– “You have to be able to multitask and work on a range of different projects at the same time.” If you want to make money, you have to combine your dream projects with ‘money-making’ projects. (There are exceptions to this rule.)

– If you’re going to set your career up on your own, you should definitely try to have another solid source of income.

– If you’re going to freelance, ensure that you aren’t too timid to talk about money. You’re going to have to talk contracts, pay rates, chasing up your pay etc.

– The Echo Chamber is dangerous – your peers are not your audience. Research your audience thoroughly, they may not be who you expect. Your target audience also has to be reassessed on a regular basis as employees change over time.

– Facebook is no longer one of the best social media platforms for engaging the public – not unless you can pay for wide engagement.

– Don’t get too caught up in a ‘noble, idealist’ way of perceiving your brand/company. Sometimes it’s good to appeal to a broader audience. Further, don’t underestimate how diverse people’s interests can be.

– “There’s a financial value in maintaining and growing your social media presence.” Many people with a lot of followers on social media are more frequently becoming paid for advertising content for certain brands/companies. This kind of product placement we see today is much less obvious and blatant.

– Email is the ‘holy grail’. Often it’s a lot more effective than most social media. There are much more analytics available and if you can access other companies’ databases of subscribers via email.

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Wanted Seminar 4 : REEL CRIMES

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  • The seminar kicks off with a sombre mood – funding. Not sure if this is a good place to start.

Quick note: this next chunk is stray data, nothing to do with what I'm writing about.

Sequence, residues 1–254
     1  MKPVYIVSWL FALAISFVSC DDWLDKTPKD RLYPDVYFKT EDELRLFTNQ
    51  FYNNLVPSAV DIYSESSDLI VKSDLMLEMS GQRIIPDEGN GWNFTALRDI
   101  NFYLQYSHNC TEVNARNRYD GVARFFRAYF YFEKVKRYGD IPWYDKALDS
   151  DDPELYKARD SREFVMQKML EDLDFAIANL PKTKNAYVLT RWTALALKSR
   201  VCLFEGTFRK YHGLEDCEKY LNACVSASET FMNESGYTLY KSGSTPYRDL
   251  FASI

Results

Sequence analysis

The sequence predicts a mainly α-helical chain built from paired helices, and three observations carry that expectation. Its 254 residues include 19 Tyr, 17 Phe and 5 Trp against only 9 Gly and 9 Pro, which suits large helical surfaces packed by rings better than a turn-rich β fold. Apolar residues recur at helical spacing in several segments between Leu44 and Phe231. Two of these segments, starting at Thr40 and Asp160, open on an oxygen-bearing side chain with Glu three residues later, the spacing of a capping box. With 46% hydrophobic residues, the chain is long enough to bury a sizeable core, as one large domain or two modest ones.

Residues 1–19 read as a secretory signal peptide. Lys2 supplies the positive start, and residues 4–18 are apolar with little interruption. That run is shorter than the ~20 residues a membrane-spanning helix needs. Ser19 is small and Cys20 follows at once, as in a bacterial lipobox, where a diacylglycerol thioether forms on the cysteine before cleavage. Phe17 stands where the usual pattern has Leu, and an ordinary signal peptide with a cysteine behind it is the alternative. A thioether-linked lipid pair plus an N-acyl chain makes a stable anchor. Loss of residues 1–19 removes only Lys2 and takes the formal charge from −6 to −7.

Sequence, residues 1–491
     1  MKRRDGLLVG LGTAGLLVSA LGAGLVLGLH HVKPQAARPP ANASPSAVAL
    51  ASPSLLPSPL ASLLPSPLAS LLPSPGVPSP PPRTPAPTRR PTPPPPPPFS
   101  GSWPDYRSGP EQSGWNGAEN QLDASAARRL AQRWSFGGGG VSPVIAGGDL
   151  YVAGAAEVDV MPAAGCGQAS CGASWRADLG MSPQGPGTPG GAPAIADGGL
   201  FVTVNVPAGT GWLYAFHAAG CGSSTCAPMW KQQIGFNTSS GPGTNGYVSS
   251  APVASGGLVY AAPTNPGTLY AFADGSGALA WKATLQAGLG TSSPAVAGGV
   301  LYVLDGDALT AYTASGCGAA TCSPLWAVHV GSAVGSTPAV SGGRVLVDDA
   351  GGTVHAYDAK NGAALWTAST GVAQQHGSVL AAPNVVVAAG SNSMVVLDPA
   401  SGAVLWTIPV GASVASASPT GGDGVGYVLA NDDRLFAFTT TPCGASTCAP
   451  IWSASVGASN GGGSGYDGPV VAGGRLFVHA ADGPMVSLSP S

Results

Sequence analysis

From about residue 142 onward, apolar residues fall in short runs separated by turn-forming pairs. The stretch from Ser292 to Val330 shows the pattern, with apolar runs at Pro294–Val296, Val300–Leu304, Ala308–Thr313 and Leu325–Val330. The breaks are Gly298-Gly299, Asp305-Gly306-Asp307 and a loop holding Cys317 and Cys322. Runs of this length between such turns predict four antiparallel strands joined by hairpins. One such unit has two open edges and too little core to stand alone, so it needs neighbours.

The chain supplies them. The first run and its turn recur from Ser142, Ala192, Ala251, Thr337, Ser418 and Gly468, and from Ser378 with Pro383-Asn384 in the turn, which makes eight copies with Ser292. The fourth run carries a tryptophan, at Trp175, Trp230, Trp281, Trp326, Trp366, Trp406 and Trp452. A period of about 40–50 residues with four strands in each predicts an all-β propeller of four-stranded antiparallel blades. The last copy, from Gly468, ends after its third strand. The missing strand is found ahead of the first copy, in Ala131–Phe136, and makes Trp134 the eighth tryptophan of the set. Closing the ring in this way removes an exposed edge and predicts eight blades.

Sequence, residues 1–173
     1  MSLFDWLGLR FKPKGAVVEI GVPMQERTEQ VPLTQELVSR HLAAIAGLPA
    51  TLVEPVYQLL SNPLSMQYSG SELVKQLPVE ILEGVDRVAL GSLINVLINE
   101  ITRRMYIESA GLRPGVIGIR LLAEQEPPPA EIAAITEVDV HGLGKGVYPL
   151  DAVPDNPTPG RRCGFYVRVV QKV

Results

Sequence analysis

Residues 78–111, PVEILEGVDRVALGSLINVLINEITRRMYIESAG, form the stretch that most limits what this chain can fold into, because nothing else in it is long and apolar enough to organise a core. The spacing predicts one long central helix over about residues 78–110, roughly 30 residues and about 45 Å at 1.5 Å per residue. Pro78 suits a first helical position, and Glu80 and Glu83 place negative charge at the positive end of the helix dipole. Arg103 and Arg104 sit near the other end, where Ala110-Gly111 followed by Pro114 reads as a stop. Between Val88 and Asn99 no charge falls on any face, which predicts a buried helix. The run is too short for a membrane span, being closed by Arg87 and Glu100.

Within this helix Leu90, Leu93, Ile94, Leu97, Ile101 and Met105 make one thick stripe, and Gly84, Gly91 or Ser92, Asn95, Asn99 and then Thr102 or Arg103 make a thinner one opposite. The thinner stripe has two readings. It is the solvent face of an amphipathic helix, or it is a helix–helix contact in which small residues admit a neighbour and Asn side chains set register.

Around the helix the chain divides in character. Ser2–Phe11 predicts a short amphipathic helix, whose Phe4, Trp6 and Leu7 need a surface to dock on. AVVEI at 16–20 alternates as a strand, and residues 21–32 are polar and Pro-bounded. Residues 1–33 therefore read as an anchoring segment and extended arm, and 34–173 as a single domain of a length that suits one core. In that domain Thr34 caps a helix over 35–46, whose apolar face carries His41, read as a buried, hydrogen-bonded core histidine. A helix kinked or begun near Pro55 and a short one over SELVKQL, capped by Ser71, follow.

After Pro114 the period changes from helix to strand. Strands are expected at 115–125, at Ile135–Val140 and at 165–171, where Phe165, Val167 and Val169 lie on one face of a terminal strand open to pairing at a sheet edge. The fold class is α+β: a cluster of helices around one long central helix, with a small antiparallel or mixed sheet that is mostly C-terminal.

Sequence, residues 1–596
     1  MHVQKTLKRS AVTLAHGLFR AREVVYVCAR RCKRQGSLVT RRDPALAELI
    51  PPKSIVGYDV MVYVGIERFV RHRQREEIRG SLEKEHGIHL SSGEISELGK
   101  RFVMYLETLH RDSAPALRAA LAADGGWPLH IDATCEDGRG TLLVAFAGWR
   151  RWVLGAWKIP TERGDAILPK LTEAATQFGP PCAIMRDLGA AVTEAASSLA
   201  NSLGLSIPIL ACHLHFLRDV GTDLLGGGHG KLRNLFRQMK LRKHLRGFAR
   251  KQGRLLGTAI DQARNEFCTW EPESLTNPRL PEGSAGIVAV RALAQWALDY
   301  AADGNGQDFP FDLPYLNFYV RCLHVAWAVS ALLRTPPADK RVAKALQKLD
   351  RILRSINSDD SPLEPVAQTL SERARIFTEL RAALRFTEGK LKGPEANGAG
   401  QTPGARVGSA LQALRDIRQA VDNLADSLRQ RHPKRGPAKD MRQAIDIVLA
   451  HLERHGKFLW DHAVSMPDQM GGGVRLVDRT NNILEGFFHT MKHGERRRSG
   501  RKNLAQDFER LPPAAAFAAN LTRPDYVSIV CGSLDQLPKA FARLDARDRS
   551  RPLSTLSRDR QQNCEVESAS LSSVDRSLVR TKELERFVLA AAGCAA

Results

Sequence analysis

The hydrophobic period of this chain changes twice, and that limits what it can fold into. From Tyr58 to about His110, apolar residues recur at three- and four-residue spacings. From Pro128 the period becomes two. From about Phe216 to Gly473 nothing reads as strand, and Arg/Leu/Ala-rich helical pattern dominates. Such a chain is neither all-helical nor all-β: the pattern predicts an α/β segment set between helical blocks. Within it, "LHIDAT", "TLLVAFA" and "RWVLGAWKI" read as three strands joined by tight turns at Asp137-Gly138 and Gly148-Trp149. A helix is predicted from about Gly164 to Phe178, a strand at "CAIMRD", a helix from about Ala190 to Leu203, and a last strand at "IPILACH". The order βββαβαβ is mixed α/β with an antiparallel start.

• Veronica Gleeson is an invaluable guest, speaking from the perspective of Screen Australia about funding – a topic of discussion which affects everyone aspiring to become a filmmaker.
  • Setup is professional and impressive.
  • Audio was an obvious problem. I don’t want to dwell on it too much, but amplification stopped happening and there was just a constant buzzing noise throughout. Taking on all of the technicalities of the seminar has been a problem throughout the series and perhaps it is too much responsibility for this subject. Maybe a tech needs to be present for the setup of each seminar?
  • According to Trevor Blainey, in order to get a film made you need (1) Someone who wants to sell the film internationally for you – a sales agent and (2) Someone who wants to screen it in Australian cinemas for you – a local distributor.
  • Think of ways to tell your story cheaply – can you replace 30 actors with ADR? Be creative on a low (or no) budget.
  • Take what you can get – tell your story. Even though execution is important, you should accept the resources you can get and do the best you can. Opportunity doesn’t fall in your lap.
  • Accumulate collaborators who will contribute creatively to the film, rather than minions. It is a collaborative process and taking other people’s opinions can be valuable. Sometimes people may have better ideas than yours, but don’t compromise your vision.
  • Overall – amazing, insightful guests. Very impressive.
  • The only real requirement for being a filmmaker: “You must be passionate about telling your story.”